4. Brian Billigen, of, Butler (So., Cornell)
Billigen hit .404 for Cornell as a freshman and continued that production in the Prospect League, where he batted .313/.415/.462 for Butler. Billigen has "sneaky pop" in his bat, according to managers, and his 6-foot, 170-pound frame has room to fill out. Billigen does a little bit of everything, with 16 stolen bases, outstanding plate discipline (30 walks, 32 strikeouts), solid wood-bat power (he ranked sixth in the league in slugging), and good defense in center field. His best tool is his plus speed, but as he fills out, Billigen could well develop solid power and become a five-tool player.
5. Jason Nappi, 3b/of, Danville (Jr., Harding, Ark.)
An outfielder who played a good deal of third base this summer, Nappi earned a good deal of praise for both his plate discipline and his defense, as he features good arm strength. Scouts and managers were impressed with his pop, and one manager said he had the best bat speed in the league. The 6-foot-1, 210-pounder wound up third in the league in batting at .336 while posting a 23-27 walk-strikeout ratio. He hit just two home runs but has decent raw power. After spending his first two seasons at Mississippi State, he's transferring to D-II Harding (Ark.) this fall, where he'll play with his brother Patrick, a righthander who is transferring in from Alabama.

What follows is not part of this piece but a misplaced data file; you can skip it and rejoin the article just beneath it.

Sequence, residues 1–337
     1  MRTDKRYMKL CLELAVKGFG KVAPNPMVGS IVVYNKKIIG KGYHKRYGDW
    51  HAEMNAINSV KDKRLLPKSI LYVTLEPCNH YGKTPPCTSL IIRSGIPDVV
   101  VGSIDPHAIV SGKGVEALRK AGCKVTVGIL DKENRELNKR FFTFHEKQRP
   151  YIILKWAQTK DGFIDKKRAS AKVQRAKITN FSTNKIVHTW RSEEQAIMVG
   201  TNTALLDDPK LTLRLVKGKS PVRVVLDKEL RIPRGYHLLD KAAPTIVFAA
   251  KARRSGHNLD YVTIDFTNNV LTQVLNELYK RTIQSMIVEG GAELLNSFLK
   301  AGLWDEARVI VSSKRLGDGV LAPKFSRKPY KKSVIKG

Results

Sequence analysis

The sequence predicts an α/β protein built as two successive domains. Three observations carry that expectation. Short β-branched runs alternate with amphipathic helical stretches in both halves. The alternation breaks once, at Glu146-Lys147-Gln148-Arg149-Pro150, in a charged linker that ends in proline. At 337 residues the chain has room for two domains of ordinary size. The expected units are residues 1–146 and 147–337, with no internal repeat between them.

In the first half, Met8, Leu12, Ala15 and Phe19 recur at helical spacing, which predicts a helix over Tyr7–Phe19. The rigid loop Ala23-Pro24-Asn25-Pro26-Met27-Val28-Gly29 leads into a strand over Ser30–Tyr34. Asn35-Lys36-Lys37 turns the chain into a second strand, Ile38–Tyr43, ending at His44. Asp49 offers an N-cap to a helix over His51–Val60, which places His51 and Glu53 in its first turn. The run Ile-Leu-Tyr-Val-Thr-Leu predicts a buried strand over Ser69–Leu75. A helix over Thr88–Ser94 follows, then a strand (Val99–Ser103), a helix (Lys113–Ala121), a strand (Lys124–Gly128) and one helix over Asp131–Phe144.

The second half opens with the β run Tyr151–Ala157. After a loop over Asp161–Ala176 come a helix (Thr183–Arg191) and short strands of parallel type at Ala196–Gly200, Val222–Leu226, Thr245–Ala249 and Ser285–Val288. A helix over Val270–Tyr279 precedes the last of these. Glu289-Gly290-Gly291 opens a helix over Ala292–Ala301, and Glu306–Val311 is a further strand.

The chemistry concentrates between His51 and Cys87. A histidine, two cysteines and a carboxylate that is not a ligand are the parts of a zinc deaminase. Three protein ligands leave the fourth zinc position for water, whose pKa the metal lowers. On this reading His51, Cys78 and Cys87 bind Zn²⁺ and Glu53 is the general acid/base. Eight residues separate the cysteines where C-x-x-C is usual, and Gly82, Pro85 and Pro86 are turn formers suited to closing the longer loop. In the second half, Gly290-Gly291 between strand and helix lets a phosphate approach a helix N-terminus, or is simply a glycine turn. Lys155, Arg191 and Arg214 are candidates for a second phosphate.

6. Brad Goldberg, rhp, North Coast (So., Coastal Carolina)
Goldberg worked out of the bullpen as a freshman in the spring, and he excelled in that role for North Coast this summer, picking up four saves and striking out 37 in 32 innings. He showed enough variety in his repertoire, though, to earn three starts, even getting up to 100 pitches in a late-season outing against Chillicothe. Goldberg likes to challenge hitters with a heavy, sinking fastball that he easily gets into the low 90s. He also sports a slider that one league manager called "completely unfair." Goldberg cuts an imposing figure on the mound at 6-foot-3, 225 pounds and showed enough of a changeup that one manager said he had three plus pitches at times.
7. Ashley Graeter, ss/rhp, Hannibal (So., Pearl River, Miss., CC)